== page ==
"I'm never sure why people bring out the flamethrower to light a candle. I have a little rant on "please stop using kill -9" that I post to comp.unix.questions when I see postings like this. Basically, -9 is harmful because it doesn't give the process a chance to clean up. Try a 2, a 1, and a 15, waiting 1 second each time. If all those fail, then a 9.

    Also, -9 is "kill 9 to everyone in the process group". You want +9, certainly!"

    I used kill 9, because it is a poorly written stubborn process that will not die any other way. You make some good points.

    Ergowolf
    Does code make a sound if no one is there to type it?

      "And that still leaves much room for improvement (and I didn't test this either, sorry)."

      I find this one somewhat insulting. I came here to learn. If you read my description maybe you would have been more kind. I posted it bellow so you could read it.

      I'm terribly sorry. In hind site I see where that would come off as insulting. I was trying to refer to my code that I had just thrown in very quickly and which had much room for improvement (and wasn't tested). I did not mean to imply criticism of your code, especially such harsh criticism.

      I don't mind harshly criticizing my own code. But in my zeal to save face by criticizing my own code before anyone else could I inadvertantly was very rude. Again, I'm sorry for that. I'll try to be more careful in future.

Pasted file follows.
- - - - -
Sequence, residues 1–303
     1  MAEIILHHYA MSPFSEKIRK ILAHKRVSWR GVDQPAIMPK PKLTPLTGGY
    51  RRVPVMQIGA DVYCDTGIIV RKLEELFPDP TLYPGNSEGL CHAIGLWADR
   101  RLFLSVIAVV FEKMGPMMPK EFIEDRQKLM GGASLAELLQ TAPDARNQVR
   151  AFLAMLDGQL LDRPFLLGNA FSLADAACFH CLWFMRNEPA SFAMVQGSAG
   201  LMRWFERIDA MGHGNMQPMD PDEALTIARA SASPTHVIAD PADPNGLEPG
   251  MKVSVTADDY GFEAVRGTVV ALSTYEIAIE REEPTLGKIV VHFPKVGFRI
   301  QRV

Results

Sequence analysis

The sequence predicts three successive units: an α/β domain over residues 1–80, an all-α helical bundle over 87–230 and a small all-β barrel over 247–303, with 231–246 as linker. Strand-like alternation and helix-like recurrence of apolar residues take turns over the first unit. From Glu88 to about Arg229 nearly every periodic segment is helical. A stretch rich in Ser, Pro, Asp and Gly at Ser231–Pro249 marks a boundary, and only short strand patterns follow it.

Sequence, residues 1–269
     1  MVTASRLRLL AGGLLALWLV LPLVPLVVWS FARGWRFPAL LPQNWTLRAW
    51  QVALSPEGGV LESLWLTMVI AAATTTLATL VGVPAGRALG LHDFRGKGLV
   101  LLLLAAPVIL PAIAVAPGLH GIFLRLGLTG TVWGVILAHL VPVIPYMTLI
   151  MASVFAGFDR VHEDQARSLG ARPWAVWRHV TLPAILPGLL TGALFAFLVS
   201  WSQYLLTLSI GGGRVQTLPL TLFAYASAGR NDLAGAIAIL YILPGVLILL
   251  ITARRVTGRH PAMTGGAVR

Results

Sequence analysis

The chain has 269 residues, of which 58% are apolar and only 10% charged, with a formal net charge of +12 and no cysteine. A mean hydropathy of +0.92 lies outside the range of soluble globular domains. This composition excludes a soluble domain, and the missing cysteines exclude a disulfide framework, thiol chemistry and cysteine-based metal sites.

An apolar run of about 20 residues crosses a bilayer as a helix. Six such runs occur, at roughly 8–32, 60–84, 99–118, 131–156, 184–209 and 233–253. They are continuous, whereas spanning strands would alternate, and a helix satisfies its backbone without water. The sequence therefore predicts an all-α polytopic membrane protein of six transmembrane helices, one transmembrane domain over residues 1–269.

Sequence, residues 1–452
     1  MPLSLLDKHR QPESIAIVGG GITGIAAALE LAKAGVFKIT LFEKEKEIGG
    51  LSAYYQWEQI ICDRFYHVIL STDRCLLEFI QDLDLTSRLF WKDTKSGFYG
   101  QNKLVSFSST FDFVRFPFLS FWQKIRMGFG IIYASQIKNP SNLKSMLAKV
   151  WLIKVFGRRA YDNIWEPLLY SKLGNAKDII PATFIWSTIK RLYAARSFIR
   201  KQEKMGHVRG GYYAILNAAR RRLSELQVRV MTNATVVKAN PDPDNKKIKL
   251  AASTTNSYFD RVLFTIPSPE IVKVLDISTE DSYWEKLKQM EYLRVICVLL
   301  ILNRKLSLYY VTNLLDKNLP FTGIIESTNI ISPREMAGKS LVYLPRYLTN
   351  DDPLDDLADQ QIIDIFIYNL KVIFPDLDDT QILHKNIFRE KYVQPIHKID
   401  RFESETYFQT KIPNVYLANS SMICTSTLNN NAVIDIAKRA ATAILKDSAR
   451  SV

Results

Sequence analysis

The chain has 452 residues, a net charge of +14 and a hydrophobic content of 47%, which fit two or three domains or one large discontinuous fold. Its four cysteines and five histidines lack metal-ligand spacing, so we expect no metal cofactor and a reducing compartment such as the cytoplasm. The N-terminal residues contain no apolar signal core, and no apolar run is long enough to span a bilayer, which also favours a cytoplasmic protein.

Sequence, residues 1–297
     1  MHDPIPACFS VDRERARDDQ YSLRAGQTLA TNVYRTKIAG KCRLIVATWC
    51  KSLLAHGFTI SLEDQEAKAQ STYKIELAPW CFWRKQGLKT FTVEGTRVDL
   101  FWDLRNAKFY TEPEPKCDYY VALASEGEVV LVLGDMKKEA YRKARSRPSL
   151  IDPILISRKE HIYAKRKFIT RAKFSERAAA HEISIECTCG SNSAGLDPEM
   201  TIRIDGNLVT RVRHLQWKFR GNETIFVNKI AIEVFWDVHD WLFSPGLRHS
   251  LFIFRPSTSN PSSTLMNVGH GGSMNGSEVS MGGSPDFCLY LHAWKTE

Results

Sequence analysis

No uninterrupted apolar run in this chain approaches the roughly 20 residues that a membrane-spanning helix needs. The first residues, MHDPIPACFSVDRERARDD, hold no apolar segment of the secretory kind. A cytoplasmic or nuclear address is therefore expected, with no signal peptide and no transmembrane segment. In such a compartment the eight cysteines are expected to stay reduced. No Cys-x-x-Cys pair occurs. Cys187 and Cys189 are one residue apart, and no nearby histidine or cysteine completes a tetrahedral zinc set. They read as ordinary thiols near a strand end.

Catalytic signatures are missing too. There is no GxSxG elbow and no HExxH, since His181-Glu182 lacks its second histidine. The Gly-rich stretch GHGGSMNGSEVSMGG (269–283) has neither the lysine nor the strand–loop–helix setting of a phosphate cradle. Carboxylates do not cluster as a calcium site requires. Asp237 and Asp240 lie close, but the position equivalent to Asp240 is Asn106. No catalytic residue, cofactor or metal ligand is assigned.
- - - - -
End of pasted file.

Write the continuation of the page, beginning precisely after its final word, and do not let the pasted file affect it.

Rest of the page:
And thanks for pointing this out. It is often easier to just mutter "a**hole" and walk away. I usually try hard to not be an a**hole but am still frustrated to realize that I never the less am one sometimes.

      So I offer a belated "Welcome!" to the Monastery. It is a fine place to learn and most of us aren't jerks most of the time. (:

              - tye (but my friends call me "Tye")
        I understand and accept. :) I can see your point of view on this. I gave you a point for the last post. I will never remain silent if something is on my mind. I have been on perlmonks for a long time. I just haven't visited lately. I have been playing video games, working, etc. My perl skills are not that great, but I try to dabble.

        Ergowolf Does code make a sound if no one is there to type it?
RE: Killer
by AgentM (Curate) on Sep 28, 2000 at 08:52 UTC
    Actually, the POSIXly correct way of sending a signal is with the use of sigqueue() which should give some interesting benefits over your generic kill(). I realize that it hasn't really caught on but considering that I'm supposed to be a POSIX professional programmer dude, I thought i just might share that with you. Anyway, I DO use sigqueue because the receiver gets a nifty struct of info (especially useful with IPC, specifically mesgqs). Just a quick comment...

      I'm curious about how this "POSIXly correct way" would translate into Perl code. I've actually recently written something to use in sort of a panic situation to get rid of a runaway process using something akin to kill('TERM', $pid); and would like to know how that matches up with notions of POSIX correctness, if there's any comparison to be made at all.

      print substr("Just another Perl hacker", 0, -2);
      - apotheon
      CopyWrite Chad Perrin